Characterization of the nearby L/T Binary Brown Dwarf WISE J104915.57–531906.1 at 2 Pc from the Sun

Kniazev, A. Y.; Vaisanen, P.; Mužić, K.; Mehner, A.; Boffin, H. M. J.; Kurtev, R.; Melo, C.; Ivanov, V. D.; Girard, J.; Mawet, D.; Schmidtobreick, L.; Huelamo, N.; Borissova, J.; Minniti, D.; Ishibashi, K.; Potter, S. B.; Beletsky, Y.; Buckley, D. A. H.; Crawford, S.; Gulbis, A. A. S.; Kotze, P.; Miszalski, B.; Pickering, T. E.; Romero Colmenero, E.; Williams, T. B.
The Astrophysical Journal, Volume 770, Issue 2, article id. 124, 5 pp. (2013).


WISE J104915.57–531906.1 is a L/T brown dwarf binary located 2 pc from the Sun. The pair contains the closest known brown dwarfs and is the third closest known system, stellar or sub-stellar. We report comprehensive follow-up observations of this newly uncovered system. We have determined the spectral types of both components (L8 ± 1, for the primary, agreeing with the discovery paper; T1.5 ± 2 for the secondary, which was lacking spectroscopic type determination in the discovery paper) and, for the first time, their radial velocities (V rad ~ 23.1, 19.5 km s–1) using optical spectra obtained at the Southern African Large Telescope and other facilities located at the South African Astronomical Observatory (SAAO). The relative radial velocity of the two components is smaller than the range of orbital velocities for theoretically predicted masses, implying that they form a gravitationally bound system. We report resolved near-infrared JHKS photometry from the Infrared Survey Facility telescope at the SAAO which yields colors consistent with the spectroscopically derived spectral types. The available kinematic and photometric information excludes the possibility that the object belongs to any of the known nearby young moving groups or associations. Simultaneous optical polarimetry observations taken at the SAAO 1.9 m give a non-detection with an upper limit of 0.07%. For the given spectral types and absolute magnitudes, 1 Gyr theoretical models predict masses of 0.04-0.05 M for the primary, and 0.03-0.05 M for the secondary.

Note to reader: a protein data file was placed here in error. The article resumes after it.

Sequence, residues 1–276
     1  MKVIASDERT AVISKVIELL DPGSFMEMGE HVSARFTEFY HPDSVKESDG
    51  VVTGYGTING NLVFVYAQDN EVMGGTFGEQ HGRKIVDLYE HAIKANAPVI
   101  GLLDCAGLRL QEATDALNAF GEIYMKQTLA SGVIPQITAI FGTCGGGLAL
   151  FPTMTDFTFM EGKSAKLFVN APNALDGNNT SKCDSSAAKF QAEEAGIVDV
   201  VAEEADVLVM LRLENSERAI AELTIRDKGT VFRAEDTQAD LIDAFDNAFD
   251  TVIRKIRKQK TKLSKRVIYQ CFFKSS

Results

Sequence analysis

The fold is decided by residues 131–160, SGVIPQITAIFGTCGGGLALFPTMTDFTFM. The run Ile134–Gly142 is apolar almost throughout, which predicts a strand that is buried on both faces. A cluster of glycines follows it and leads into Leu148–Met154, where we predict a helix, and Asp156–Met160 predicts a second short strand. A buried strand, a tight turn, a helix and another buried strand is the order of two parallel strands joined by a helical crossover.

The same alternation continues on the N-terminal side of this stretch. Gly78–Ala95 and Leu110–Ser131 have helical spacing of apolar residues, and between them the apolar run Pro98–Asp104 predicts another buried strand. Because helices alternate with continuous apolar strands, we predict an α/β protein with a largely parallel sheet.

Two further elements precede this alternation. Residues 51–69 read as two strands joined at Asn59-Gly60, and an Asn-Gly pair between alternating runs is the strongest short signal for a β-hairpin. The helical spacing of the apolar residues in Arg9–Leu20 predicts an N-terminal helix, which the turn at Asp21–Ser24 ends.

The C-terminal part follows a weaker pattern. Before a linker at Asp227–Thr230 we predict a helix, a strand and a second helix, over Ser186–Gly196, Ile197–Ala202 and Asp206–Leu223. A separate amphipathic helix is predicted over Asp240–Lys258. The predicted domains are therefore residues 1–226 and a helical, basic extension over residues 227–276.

Based on observations made with the Southern African Large Telescope (SALT).